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PFAS (per- and polyfluoroalkyl substances) are man-made chemicals which have been used in various products ranging from food packaging to waterproof clothing, to non-stick cookware and firefighting foams for decades. Despite their utility, in recent years the scientific community has started waking up to the risks that these chemicals present to public health and the environment. So too have regulators and, more recently, litigants.
In this article, we explore:
PFAS are often referred to as ‘Forever Chemicals’ because their specific molecular structure means that they do not biodegrade, or do so extremely slowly. This longevity in the environment, coupled with their widespread use, has meant that they have been detected widely in the air, soil, water (including drinking supplies), animals and humans across the globe. As an example, last month it was reported that PFAS have been found in every one of nearly 30,000 samples of babies’ umbilical cord blood tested across 40 studies conducted over the last five years. This is concerning because current research links PFAS with various health issues including thyroid disease, increased cholesterol, inflammatory bowel diseases and various forms of cancer.
Although there are over 4,700 chemicals in the PFAS category, only two (PFOS and PFOA) are widely regulated.
Internationally, both fall within the scope of the Stockholm Convention on Persistent Organic Pollutants 2004, which seeks to limit and eventually eliminate the use of PFOS and PFOA. The EU and UK have followed suit with their own POPs regulations to limit the use of these chemicals.
The concern with current regulation, however, is that their specificity permits what is referred to as ‘regrettable substitution’ of regulated types of PFAS with unregulated types, but without any assurance that these are any less problematic. Indeed, in 2019 the Chemtrust noted that ‘recent studies have started to reveal that some alternative PFAS could be as toxic as the ones they replace’.
The EU, in particular, has announced an intention to regulate the entire category of PFAS chemicals uniformly, with restrictions potentially coming into force as early as 2025. The US is also seeking to regulate PFAS as a collective via legislation such as the federal PFAS Action Act, although Senate approval is required before it becomes law.
PFAS-related claims first began in the early 2000s in the US with the DuPont litigation, in which residents of a West Virginia town sued DuPont in relation to the contamination of their water supplies with PFOA from DuPont’s manufacturing plant. This resulted in the creation of a Science Panel which found a ‘probable link’ between PFOA and six diseases. DuPont then settled 3,500 related personal injury claims at c. USD200,000 per claim.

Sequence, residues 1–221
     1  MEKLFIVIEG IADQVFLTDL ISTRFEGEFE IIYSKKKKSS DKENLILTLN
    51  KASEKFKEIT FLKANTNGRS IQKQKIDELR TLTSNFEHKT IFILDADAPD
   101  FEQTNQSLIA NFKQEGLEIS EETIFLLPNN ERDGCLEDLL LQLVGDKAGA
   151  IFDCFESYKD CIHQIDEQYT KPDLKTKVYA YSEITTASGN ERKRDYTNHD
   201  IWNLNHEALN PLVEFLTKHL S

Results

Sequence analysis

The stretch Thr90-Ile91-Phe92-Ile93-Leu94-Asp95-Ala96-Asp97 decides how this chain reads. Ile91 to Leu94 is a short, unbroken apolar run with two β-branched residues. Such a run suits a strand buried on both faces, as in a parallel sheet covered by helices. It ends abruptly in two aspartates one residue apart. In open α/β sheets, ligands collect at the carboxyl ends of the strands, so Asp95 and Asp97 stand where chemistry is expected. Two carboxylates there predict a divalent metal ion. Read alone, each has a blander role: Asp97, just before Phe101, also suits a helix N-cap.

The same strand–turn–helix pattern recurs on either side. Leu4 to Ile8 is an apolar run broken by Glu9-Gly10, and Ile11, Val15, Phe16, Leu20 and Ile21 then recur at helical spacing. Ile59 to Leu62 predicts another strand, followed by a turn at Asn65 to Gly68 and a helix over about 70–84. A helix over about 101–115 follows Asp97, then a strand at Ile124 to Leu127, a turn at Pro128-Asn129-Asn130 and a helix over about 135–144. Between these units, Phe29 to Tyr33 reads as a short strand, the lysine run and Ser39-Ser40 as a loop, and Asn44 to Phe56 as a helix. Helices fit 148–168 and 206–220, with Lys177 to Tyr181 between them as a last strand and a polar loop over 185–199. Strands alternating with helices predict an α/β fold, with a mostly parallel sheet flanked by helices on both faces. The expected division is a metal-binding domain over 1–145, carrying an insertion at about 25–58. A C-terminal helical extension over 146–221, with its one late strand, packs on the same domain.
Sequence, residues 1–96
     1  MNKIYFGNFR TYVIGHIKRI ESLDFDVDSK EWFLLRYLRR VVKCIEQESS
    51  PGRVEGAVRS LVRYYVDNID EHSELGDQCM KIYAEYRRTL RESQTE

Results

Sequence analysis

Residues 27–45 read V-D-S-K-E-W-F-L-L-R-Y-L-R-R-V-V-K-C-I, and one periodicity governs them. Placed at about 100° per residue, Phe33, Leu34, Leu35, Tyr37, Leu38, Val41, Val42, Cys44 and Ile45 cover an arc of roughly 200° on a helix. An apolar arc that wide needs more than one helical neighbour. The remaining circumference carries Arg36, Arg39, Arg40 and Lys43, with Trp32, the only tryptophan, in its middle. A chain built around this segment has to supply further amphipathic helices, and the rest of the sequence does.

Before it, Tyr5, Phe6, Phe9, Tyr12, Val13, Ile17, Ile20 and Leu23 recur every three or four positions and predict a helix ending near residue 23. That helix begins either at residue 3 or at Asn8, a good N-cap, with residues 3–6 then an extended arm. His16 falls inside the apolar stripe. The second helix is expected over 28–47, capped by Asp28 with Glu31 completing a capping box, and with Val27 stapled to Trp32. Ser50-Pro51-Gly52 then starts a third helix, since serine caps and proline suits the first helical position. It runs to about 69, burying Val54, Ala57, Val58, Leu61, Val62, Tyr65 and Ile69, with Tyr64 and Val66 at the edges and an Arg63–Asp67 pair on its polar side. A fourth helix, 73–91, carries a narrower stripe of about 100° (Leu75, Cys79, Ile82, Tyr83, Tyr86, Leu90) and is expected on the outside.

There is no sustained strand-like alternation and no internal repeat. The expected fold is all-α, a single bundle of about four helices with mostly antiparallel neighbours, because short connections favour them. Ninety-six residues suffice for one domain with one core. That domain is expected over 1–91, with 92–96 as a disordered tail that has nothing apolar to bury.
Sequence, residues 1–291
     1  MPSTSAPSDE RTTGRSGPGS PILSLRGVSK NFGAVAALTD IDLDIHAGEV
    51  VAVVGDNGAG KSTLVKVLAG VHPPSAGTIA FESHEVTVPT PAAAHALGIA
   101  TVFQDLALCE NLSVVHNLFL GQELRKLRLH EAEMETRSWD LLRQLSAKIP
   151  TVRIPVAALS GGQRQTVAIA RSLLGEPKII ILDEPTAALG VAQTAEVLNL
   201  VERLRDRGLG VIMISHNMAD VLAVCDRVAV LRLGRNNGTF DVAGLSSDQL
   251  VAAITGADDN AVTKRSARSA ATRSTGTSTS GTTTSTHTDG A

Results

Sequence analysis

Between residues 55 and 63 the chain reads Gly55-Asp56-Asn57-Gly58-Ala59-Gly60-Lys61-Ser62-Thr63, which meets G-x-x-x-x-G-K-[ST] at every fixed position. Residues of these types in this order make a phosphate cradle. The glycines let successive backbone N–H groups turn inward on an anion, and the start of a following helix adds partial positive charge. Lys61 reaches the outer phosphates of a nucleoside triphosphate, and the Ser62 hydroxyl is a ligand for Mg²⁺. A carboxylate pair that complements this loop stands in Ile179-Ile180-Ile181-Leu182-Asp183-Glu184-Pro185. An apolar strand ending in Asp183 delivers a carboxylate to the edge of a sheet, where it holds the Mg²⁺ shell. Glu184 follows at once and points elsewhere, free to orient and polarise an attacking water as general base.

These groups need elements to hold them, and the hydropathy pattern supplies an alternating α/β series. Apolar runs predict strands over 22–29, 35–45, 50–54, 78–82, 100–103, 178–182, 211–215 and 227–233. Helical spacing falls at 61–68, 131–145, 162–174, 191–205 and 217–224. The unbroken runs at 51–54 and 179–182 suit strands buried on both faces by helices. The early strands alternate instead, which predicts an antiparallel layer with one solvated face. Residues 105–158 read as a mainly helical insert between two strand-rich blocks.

A Multi District Litigation has been established in North Carolina concerning PFAS contained in Aqueous Fire Fighting Foams. This is part of a growing trend of environmental product liability claims against manufacturers. The MDL now contains over 2000 claims, which are broadly made up of:
The first cases in the MDL are due to be heard in the spring of 2023.
Other PFAS-related class actions have also been brought, such as the action by the residents of Hoosick Falls, which secured a settlement of $65 million earlier this year from manufacturers Saint-Gobain, Honeywell and 3M in relation to the alleged contamination of the town’s water supply.
More recently, we have also seen cases brought against fast food manufacturers McDonalds and Burger King by their customers, who allege that the corporations’ food packaging contains PFAS and is therefore unsafe.
Given the widespread use of PFAS across a variety of industries, and the evolving understanding of the harmful effects of these compounds, it is likely that the number of PFAS-related claims will only increase in coming years.
As the number of PFAS-related claims grows, it is important for insurers to consider the extent to which their policies might be affected. Product liability, employer’s liability, public liability and environmental liability policies might all be susceptible to being triggered by PFAS claims.
From an underwriting perspective, insurers may wish to consider the extent to which they are comfortable with underwriting PFAS as a risk going forward.
From a claims perspective, the growing body of notifications means that a number of key coverage issues are starting to emerge, which insurers may wish to consider when facing PFAS-related claims. These include:
For further information on this topic, or for advice on specific coverage issues arising, please do not hesitate to contact us.